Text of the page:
Periodize: Perfect Your Long-term Plan

Fitness and Strength training MacrocycleLong-term plan, macro cycle, an example (Aagaard, 2012).

Marina Aagaard, MFE

Top Tip

Reach your goals! Make a plan. What do you say?
For better programs and workouts, that is the way.
Outline the long-term, then the short-term, it’s simple, o.k.?

You want to optimize your workout results? Then periodization is for you. First step is to get an overview, to outline a long-term plan based on your main goal.
A long-term plan for fitness often is a ½-1 year plan.

A one-year plan can be created and outlined in many ways and be more or less complex according to your needs. Everyone, recreational exercisers as well as elite athletes, will benefit from some sort of general plan serving as a framework for planning training periods and more detailed weekly training programs.
The above model is just one example of how it can be done. The general principle, however, can be applied to any type of plan and will hopefully inspire you to make your own plan or periodization.

Macro cycle (½-1 year plan)

The first step in general planning or periodization is creating a long-term plan.
The timespan for the long-term plan depends on your goal. It can be several years, as in competitive sports, or ½-1 year.

In sports the plan revolves around the competitions, so the athletes can peak at the right time at the main competition.

In fitness and strength training the long-term plan normally covers one year, which means that the long-term plan is the same as a ‘one-year plan’.
The longest ‘unit’ in the long-term plan in some disciplines, eg. strength training and weightlifting, is called macrocycle.

In general fitness, with no competitions or matches to consider, the main goal, eg. strength, hypertrophy or fatloss, dictates the lay-out of the plan.

Periods and periodization

The long-term plan, the macrocycle, is divided into shorter, manageable periods. This is calles periodization.

Often a period in fitness planning is three months, but periods may be shorter or longer according to the exerciser (fitness and health) and specific goal for the given period. In a.o. strength training these 1-3 month periods are called mesocycles.

In the mesocycles the focus could be anything from basic training to sports-specific training, and the programs could be dedicated to improving one area, eg. basic strength or cardiovascular fitness, or several areas, eg. strength, coordination and mobility could be improved in parallel (requires some planning).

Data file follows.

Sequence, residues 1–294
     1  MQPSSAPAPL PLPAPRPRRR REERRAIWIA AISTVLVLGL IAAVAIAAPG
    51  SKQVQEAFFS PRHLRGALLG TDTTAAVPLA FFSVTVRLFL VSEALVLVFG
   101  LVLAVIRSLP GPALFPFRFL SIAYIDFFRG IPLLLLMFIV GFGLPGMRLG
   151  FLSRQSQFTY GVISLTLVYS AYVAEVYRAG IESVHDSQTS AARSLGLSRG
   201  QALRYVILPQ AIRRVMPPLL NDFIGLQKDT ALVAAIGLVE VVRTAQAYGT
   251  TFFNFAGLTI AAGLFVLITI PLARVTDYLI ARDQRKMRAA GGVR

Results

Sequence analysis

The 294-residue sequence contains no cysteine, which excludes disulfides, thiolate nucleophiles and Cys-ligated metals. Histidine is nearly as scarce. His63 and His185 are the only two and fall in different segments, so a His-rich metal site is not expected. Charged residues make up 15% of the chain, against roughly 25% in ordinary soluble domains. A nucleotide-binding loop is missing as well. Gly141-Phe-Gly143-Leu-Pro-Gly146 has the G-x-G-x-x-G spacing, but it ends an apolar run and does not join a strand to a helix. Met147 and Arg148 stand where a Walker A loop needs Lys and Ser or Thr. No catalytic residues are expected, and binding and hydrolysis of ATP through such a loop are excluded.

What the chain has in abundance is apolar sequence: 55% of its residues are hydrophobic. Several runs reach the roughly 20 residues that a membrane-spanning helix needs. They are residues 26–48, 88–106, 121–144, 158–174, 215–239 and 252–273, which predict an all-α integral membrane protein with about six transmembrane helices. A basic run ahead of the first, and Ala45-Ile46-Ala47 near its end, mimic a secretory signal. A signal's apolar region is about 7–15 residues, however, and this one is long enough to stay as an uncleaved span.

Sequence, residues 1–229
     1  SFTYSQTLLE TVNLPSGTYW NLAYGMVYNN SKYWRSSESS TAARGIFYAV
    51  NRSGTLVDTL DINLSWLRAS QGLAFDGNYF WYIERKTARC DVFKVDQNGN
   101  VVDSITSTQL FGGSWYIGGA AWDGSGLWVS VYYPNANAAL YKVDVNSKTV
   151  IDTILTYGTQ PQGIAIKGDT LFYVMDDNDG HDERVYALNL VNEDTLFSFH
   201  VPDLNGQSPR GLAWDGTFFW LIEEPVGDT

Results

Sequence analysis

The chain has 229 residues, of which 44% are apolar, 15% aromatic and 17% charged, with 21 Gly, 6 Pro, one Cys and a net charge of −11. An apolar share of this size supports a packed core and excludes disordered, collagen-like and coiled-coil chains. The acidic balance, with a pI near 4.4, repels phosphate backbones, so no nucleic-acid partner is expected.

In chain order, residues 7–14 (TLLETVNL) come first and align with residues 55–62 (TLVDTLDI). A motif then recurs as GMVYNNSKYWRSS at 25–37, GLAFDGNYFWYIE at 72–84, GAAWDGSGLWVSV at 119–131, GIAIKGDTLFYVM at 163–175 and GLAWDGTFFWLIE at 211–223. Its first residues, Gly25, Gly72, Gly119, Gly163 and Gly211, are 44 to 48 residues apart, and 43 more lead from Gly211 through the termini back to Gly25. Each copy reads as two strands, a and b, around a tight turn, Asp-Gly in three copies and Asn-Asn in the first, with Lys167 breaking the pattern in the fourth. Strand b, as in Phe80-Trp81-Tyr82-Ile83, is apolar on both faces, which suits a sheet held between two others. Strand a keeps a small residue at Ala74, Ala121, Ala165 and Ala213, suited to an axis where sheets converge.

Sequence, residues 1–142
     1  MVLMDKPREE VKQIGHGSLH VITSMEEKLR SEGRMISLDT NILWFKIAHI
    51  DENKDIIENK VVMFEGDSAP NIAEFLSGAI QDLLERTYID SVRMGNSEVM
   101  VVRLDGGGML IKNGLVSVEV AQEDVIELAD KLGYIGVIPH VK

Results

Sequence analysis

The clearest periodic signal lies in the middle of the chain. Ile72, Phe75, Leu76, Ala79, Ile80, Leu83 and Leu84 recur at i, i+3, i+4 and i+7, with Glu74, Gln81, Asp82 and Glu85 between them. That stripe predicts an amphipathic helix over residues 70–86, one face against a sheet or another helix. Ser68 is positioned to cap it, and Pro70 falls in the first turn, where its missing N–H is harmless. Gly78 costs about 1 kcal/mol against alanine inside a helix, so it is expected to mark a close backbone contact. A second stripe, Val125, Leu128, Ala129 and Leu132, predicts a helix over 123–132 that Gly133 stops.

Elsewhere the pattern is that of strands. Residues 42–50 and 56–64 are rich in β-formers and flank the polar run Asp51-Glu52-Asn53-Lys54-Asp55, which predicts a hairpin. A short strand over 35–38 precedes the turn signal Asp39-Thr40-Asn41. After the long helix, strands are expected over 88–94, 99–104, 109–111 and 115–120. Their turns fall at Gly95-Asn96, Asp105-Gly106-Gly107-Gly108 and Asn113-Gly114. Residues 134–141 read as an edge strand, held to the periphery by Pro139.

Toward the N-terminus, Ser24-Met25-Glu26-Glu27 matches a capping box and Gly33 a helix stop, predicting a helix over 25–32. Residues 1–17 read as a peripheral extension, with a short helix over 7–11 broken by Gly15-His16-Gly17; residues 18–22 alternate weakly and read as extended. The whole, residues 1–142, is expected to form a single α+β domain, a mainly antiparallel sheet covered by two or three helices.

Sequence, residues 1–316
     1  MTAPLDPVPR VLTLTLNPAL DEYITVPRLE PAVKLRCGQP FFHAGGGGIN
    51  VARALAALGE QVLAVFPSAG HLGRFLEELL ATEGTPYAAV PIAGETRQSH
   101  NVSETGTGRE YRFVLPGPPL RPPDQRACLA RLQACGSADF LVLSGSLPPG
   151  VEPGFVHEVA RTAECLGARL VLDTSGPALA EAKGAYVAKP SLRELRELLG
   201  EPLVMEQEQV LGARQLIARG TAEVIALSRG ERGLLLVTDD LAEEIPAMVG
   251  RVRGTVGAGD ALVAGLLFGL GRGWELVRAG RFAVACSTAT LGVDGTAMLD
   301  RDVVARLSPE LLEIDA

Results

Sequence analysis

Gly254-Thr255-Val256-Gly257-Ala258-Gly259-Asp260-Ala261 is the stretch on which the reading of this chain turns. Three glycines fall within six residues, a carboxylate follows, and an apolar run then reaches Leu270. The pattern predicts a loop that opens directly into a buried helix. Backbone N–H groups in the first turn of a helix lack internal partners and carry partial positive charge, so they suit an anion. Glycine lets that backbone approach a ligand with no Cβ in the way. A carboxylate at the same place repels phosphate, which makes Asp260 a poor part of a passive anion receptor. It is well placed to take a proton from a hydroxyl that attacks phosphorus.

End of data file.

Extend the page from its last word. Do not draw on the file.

The goals of the mesocycles dictates the specific weekly programs, which in some sports are called microcycles.

In strength training you may have three mesocycles (and then maybe a sports specific period):
Basic training (structural strength), strength training and maximal strength.

For beginners it is imperative, that you have a basic training period.
This period is for laying the foundation, building strength and endurance – with prophylactic training with core and balance training – before moving onto advanced, heavy and complex training. Basic training may last from 6-12 months depending on how and how much you train, how well you recover and respond to the training program.

After basic, structural training, the training is progressed. The training becomes heavier and the exercises gets more complex and functional. Beginners move from machines to free weights and weightlifting. This phase may last from 6-12 months.

Maximal strength training is the next (last) phase in strength training periodization.
The goal is increased strength and power via heavy and explosive strength training – for athletes sports specificity should be considered.

When you reach your goal, set a new goal – this could increased strength or maybe maintenance with a varied program – and make a new plan.

You can read more about periodization in my blogs and this brilliant book about advanced periodization:
THE FLEXIBLE PERIODIZATION METHOD by Karsten Jensen, MSc.

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